What is La Escuelita?

The EDVM association has also started a before-and-after school educational program, called La Escuelita, to help children and teenagers with their homework or subjects they are struggling to learn. There are currently 95 students enrolled in this educational center. All the children enrolled in this project come from the Magisterio/ Bosques del Progreso area known as “the dump” because the city dump used to be there. These boys and girls have 4 paid teachers and Beatriz Flores, a psychologist, working with them each morning or afternoon. They attend classes Monday through Friday from 10:00 a.m. – 2:30 p.m. They also get a hot meal every day, and sometimes this is the ONLY meal they eat during the course of the day. The educational programs will be expanded to include computer classes for teenagers once funding is obtained.

Ceci Somerville, one of the teachers, explains more:

“Working at La Escuelita we see children up to the age of 14 who cannot read or write, some who have never attended school due to particular circumstances, and some who a lot of times go without eating because their families simply cannot afford to buy food. La Escuelita is an education regularization project for children in the Magisterio/Bosques del Progreso area of Puerto Vallarta. We offer not only free reading/writing and math lessons to complement their formal education, but also nutritious meals from Monday to Friday. We found that in this area in particular, children are more likely to fall behind on their schooling. Most of the time their parents are not well educated themselves, meaning they cannot offer the support their children need with their homework or learning in general. This was the main reason for the setting up of La Escuelita, which literally means “little school,” a name the children use to refer to the project.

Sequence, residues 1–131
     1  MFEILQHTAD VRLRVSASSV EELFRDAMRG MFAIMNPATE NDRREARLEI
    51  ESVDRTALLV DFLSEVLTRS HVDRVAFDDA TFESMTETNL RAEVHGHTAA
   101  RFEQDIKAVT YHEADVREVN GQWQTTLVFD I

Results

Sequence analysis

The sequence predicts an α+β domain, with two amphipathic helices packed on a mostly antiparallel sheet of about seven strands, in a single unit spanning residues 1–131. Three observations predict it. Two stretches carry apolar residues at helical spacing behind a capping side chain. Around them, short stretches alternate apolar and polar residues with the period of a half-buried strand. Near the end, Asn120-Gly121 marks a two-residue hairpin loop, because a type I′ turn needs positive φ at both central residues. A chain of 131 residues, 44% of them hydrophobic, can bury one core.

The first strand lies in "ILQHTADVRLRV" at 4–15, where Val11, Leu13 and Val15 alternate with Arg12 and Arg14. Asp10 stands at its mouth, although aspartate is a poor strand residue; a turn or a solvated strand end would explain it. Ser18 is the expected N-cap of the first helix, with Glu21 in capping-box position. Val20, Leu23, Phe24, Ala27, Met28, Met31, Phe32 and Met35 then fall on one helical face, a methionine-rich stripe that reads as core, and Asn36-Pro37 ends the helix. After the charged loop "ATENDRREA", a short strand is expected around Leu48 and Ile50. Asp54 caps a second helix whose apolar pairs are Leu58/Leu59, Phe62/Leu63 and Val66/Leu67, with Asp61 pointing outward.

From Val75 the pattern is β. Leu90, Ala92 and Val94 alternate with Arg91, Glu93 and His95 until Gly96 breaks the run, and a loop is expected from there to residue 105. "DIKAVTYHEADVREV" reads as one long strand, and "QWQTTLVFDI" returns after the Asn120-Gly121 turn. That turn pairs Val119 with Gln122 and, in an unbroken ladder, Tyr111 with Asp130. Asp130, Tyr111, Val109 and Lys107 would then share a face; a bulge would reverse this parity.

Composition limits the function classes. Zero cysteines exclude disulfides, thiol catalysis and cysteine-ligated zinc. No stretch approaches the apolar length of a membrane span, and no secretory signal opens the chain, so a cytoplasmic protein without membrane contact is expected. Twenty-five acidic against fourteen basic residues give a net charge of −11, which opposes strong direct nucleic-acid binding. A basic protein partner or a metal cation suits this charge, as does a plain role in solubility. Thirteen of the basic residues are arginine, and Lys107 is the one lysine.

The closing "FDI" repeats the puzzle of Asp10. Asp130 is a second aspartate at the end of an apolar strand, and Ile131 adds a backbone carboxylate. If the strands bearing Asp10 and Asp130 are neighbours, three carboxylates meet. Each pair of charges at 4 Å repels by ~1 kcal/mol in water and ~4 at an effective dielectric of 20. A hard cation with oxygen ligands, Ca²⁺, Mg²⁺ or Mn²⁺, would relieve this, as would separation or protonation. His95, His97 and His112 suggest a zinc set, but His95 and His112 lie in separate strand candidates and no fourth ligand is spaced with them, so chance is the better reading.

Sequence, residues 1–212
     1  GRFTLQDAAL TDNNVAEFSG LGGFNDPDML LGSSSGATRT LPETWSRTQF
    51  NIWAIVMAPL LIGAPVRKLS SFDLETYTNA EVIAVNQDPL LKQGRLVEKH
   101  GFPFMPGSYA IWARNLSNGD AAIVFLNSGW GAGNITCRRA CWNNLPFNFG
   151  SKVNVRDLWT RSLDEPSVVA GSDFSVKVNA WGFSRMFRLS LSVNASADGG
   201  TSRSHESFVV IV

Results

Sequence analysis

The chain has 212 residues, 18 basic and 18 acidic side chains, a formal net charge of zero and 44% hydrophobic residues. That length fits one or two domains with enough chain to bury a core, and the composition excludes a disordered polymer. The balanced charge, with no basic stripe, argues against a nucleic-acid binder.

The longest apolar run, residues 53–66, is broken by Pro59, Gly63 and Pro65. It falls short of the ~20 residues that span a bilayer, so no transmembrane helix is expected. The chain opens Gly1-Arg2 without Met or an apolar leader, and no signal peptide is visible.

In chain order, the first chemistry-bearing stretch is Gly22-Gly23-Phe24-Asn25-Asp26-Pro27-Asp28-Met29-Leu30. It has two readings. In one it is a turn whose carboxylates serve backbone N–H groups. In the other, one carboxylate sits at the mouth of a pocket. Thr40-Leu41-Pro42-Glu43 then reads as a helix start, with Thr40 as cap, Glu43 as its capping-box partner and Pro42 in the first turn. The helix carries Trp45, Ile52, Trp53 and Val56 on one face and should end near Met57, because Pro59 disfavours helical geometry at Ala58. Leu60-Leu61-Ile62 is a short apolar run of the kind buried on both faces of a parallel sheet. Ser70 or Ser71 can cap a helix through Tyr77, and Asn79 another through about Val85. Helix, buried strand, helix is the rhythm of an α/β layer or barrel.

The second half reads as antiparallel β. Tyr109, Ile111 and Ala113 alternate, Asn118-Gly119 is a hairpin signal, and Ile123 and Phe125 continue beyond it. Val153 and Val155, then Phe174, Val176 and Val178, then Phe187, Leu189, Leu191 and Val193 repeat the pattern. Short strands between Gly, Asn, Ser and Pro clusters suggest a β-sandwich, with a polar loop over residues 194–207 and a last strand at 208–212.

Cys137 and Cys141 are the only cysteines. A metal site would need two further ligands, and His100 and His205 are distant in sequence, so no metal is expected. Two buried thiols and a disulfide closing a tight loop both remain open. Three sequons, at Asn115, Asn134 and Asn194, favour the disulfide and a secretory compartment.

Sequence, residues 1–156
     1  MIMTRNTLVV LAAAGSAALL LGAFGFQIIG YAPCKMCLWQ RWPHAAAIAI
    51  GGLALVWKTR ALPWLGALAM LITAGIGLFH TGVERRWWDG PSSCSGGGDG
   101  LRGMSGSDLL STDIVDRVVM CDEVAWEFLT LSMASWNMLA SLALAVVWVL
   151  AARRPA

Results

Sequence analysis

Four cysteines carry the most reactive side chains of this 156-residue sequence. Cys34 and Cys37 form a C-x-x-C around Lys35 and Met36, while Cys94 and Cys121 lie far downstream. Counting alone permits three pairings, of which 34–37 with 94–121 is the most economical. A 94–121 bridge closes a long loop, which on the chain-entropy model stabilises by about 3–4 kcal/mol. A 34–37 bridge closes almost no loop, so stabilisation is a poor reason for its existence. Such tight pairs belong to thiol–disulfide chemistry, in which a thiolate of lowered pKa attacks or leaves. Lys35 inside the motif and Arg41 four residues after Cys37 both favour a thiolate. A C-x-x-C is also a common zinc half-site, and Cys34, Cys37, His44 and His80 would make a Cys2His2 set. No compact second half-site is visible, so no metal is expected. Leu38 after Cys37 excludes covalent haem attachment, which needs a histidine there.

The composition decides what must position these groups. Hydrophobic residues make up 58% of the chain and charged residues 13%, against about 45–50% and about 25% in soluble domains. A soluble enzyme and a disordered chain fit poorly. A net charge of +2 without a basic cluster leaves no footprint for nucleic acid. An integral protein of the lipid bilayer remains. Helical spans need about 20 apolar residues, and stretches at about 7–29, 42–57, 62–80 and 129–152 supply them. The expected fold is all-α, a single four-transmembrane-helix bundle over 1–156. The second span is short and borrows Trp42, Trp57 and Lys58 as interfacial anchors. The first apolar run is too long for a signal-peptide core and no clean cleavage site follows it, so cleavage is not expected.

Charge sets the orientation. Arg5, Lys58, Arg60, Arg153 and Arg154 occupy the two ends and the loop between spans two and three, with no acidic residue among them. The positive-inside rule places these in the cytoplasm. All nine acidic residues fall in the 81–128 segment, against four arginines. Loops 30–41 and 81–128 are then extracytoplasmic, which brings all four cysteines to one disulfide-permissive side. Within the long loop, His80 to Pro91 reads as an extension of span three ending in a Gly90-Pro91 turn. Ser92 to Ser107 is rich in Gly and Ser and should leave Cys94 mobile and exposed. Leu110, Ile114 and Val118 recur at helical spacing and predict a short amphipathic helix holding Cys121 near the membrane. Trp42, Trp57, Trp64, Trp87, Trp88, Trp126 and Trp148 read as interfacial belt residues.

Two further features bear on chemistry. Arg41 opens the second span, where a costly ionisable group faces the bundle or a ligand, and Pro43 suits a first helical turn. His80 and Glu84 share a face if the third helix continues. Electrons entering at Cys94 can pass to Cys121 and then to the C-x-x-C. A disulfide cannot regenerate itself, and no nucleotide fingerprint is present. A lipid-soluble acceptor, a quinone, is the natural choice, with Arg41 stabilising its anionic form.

We started with 18 children and 1 teacher in October 2018; fast forward to February 2019, and we currently have close to 100 kids enrolled and 5 full-time and part-time teachers. The immense growth of La Escuelita has truly shown the incredibly eye opening need for this project in the area. The children we work with are generally from a very low socio-economic background; a lot of them live in cardboard houses or in very crowded conditions with their extended families, usually in a room in a house alongside other families. La Escuelita offers a place for these children to actually be children and feel safe, which is one of the biggest factors in children’s learning and exploring.

The ultimate aim from this project is to make sure their right to an education is being fulfilled.  We believe that where they live, or how much their parents earn, should not be a factor in the quality of education these children receive.”